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Today's Opinions

  • Letter to the editor 7-30-15

    More must be done for N.M. children

    Early last week, information was published by the Annie E. Casey Foundation, ranking the 50 states on various factors that indicate child well being.
    New Mexico is a jaw-dropping 49th — even more astounding, our state has hovered in this area, dropping to 50th position in 2013, for several years.
    Child poverty rates around the state are increasing steadily and programs to help these children are few and far between.
    Looking at this information, coupled with the start of the 2015-2016 school year quickly approaching, and everything that goes along with it — the stress of homework, readjusting to the school schedule, and making new friends — and it is easy to imagine this can be a difficult, overwhelming time for a child.
    Los Alamos is widely praised throughout the state and beyond, as being a great community, due to the affluent nature of the community.
    Even in a community like Los Alamos, there are children and families struggling and in need.
    We must do better for all of our children.
    It sounds daunting, impossible even, but there is a way to make a difference: volunteer.
    The Family YMCA is proud to be the only YMCA in New Mexico and one of 38 states that is currently offering the free Reach and Rise Mentoring Program.

  • The dam that never got built

    There might have been a dam, a mile and a-half of stored water and a new chance at sustainability — though “sustainability” was not in our vocabulary then — with thriving truck gardens, lush orchards and a much greener valley.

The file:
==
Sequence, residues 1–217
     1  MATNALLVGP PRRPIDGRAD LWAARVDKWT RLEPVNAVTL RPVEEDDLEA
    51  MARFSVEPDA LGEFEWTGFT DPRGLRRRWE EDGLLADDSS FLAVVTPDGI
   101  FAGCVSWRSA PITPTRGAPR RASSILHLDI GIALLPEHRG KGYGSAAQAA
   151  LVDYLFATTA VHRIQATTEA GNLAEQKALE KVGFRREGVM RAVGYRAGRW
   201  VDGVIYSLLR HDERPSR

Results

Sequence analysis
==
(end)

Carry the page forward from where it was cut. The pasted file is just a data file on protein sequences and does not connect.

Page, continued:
Or something else entirely. It depends whom you believed.
    Indian Camp Dam is the dam that never was. Seeing the current conflict over a proposed dam in the Gila, I looked back at the stories I wrote in the mid-1970s, when Indian Camp Dam was the dominant controversy in Taos.
    Years earlier, led by U.S. Sen. Dennis Chavez, Congress passed a law creating the San Juan-Chama project.
    The project diverted water from the San Juan River, a tributary of the Colorado, across the Continental Divide into the Chama River, from which it flows into the Rio Grande.
    The Chama joins the Rio Grande near Española. Communities farther north did not have access to that water, so the legislation authorized a dam to be built in Taos County.
    The dam was to be sited in the foothills upstream from Ranchos de Taos, along the Rio Grande del Rancho, the stream that runs near the famous St. Francis Church.

  • 10 ways to become financially independent

    After the 2008 economic crisis, many people assumed they would never be able to reach true financial independence — the ability to live comfortably off one’s savings and investments with no debt whatsoever.
    However, individuals willing to use their time horizon to plan and adjust their spending, savings and investment behaviors might just find financial independence is possible. Here are 10 ideas to get started.
    1. Visualize first, then plan. Start by considering what your vision of financial independence actually looks like — and then get a reality check. Qualified financial experts can examine your current financial circumstances, listen to what financial independence means to you and help you craft a plan. The path to financial independence may be considerably different at age 20 than it is at age 50. The more time you have to save and invest generally produces a better outcome. But at any age, start with a realistic picture of your options.